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Cornelius News

Kennel cough on the rise; no cases at Cornelius shelter

To treat kennel cough, your veterinarian may prescribe weeks of rest, antibiotic therapy and cough suppressants.

Oct. 31. [Update Nov. 3] By TL Bernthal. A respiratory disease spreading among dogs in the community is rising.

One national expert says the uptick in cases starting last year is a result of increased activities of dogs with other dogs as COVID-19 restrictions have relaxed and people resumed life  outside the home.

Recent cases of kennel cough in the region have caused some businesses to close or temporarily limit services.

Lucky Dog Bark and Brew sent this email out Oct. 23: “In our ongoing commitment to constant transparency with our amazing Lucky Dog family, we are sending this email out to immediately inform everyone collectively that we are experiencing an outbreak of canine cough here at our Lake Norman facility. As many of you have likely heard, there is a new, stronger strain of canine cough in the region.”

Dog day care, boarding and pet parks, for the most part, require dogs to have bordetella vaccines to participate.

[Update] “For the safety of your pets, Camp Wagging Tails requires that all dogs show proof of current vaccinations records for bordetella (for kennel cough), rabies, and distemper/parvo for all dogs, and requires rabies and FVRCP for all cats,” said Camp Wagging Tails General Manager JR Reiter.

“We recommend your pet receives year-round parasite prevention treatment, including regular deworming and external parasite control, for heartworm, fleas, ticks, and intestinal parasites,” Reiter said in an email. “We love your pets like our own. This ensures a healthy pet and a positive boarding experience for all the animals in our care.”

Cornelius Shelter 

The Cornelius Shelter has been spared.

Trey Nodine and Stanley

“Luckily we haven’t had any issues with it” at the Cornelius Animal shelter, says animal control officer Trey Nodine. “However, I have heard that most boarding facilities in the area have struggled with it a bit.”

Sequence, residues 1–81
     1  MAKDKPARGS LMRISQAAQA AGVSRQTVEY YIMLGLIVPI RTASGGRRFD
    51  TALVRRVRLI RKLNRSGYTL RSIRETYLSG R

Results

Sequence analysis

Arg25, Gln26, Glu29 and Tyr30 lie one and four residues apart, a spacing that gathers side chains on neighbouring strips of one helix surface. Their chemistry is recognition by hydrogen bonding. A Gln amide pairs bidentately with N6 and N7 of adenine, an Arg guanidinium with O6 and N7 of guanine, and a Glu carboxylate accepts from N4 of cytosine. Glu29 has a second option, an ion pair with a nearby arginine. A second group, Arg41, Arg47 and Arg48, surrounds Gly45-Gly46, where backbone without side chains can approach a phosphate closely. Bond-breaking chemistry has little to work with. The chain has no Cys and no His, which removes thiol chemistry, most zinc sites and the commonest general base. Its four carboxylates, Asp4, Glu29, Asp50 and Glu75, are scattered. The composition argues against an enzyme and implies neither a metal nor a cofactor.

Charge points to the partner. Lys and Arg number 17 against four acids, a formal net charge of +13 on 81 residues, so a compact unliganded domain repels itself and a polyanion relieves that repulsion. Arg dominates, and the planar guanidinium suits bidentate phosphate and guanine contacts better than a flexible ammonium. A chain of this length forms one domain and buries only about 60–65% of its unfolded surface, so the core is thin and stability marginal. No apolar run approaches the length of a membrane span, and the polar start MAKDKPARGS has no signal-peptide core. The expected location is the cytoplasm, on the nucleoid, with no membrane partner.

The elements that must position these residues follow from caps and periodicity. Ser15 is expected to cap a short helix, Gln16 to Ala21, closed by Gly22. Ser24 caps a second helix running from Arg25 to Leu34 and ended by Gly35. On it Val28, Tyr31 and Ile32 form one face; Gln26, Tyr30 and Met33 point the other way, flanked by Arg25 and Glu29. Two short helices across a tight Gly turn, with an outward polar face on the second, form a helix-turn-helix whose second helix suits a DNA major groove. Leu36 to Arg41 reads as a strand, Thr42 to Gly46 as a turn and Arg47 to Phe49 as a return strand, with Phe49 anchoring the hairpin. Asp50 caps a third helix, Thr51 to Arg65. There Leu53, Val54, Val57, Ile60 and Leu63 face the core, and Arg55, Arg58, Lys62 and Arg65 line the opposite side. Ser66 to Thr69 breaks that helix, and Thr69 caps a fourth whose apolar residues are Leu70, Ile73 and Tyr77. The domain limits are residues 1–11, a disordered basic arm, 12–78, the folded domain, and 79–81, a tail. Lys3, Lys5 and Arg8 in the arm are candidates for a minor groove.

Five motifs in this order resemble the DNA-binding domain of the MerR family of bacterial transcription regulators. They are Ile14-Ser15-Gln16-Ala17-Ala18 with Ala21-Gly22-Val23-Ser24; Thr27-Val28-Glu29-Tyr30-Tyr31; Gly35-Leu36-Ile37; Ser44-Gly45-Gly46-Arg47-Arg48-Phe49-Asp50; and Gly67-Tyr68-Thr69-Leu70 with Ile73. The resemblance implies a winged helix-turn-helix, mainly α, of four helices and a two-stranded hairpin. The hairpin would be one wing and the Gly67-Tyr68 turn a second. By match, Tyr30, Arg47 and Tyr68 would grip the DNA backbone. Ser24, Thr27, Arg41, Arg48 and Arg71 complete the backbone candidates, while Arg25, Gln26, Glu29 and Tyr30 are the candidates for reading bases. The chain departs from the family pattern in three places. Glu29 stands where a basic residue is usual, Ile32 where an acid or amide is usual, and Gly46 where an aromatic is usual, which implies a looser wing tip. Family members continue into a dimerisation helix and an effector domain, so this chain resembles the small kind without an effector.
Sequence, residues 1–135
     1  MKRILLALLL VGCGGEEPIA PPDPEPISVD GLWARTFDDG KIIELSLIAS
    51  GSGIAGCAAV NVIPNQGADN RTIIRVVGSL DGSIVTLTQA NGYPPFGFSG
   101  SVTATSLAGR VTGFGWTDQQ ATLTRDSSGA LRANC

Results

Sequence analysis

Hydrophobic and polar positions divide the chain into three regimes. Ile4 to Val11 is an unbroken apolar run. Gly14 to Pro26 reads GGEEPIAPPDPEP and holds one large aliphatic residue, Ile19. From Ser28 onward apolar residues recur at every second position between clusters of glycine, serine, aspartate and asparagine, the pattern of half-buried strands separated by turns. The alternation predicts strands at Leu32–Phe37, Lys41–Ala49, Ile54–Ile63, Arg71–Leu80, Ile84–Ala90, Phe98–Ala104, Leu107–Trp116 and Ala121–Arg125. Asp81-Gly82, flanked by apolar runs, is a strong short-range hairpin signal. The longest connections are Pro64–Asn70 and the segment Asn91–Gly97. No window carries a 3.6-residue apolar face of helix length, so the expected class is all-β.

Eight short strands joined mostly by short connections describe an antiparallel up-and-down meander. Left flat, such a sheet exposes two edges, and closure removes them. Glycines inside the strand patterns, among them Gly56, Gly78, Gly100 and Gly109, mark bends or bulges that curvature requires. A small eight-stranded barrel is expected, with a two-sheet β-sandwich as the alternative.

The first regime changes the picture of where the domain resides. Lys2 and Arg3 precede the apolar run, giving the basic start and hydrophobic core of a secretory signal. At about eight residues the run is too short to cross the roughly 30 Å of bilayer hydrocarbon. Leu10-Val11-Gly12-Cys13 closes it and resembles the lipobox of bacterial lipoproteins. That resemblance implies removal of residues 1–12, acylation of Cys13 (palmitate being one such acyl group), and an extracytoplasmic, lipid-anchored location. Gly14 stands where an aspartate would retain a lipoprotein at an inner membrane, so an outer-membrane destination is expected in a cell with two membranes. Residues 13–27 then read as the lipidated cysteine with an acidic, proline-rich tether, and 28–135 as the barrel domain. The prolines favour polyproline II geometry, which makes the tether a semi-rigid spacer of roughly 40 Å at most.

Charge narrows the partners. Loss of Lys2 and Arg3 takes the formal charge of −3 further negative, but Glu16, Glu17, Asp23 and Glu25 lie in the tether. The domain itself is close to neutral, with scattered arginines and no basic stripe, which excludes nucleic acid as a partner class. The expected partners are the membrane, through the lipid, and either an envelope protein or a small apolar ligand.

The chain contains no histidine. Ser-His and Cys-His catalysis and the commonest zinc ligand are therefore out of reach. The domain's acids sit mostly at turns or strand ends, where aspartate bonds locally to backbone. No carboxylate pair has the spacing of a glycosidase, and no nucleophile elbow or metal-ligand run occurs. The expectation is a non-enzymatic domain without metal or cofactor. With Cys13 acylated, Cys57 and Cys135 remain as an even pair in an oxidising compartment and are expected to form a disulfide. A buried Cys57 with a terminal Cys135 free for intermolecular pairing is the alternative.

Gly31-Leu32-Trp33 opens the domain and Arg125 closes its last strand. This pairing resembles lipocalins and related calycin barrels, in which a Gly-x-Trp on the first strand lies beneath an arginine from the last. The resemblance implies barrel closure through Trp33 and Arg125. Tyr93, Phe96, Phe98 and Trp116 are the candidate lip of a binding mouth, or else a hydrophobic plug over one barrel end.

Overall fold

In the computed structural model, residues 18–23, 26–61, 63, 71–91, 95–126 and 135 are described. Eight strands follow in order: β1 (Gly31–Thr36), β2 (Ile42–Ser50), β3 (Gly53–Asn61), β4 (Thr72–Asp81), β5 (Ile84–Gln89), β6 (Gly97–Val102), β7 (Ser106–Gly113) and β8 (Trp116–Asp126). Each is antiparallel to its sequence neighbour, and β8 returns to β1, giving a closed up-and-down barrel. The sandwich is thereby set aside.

At the animal shelter, the bordetella vaccine is administered to every dog that comes through the door, Nodine says, and “if they come in already having it, then we booster as soon as needed as indicated by the dog’s veterinary records.”

What is it?

Bordetella is  inflammation of your dog’s upper respiratory system, according to the American Kennel Club. This inflammation leads to coughing and illness and can expose your dog to secondary infections.

How’s it spread?

Kennel cough, scientifically known as canine infectious tracheobronchitis, is easily spread from dog to dog through aerosol droplets, direct contact, or contact with contaminated surfaces like food and water bowls, toys, or kennel runs, according to the AKC.   


The most distinctive symptom of kennel cough is the loud, unmistakable honking cough that dogs develop with the disease. Other symptoms of kennel cough in dogs include a runny nose, sneezing, loss of appetite, lethargy, and a low fever.


The disease is usually very treatable. Your veterinarian may prescribe a few weeks of rest for your dog, along with cough medicine and possibly antibiotics to prevent any secondary infections from causing complications, according to the AKC.

[Update] “We have a team of veterinarians in senior leadership roles who oversee our pet and vet healthcare centers,” Dr. Ashley Harris, vice president of veterinary operations for Destination Pet, the parent company of Camp Wagging Tails.

“We have an ever-expanding safety team that monitors our standards and sanitation processes.

“Just like human cold/flu season, this is the time of year for added precaution to ensure the health of our pets. Therefore, we highly recommend additional vaccines, such as Canine Influenza, Lepto & Lyme based on geographic disease patterns,” Harris said in an email.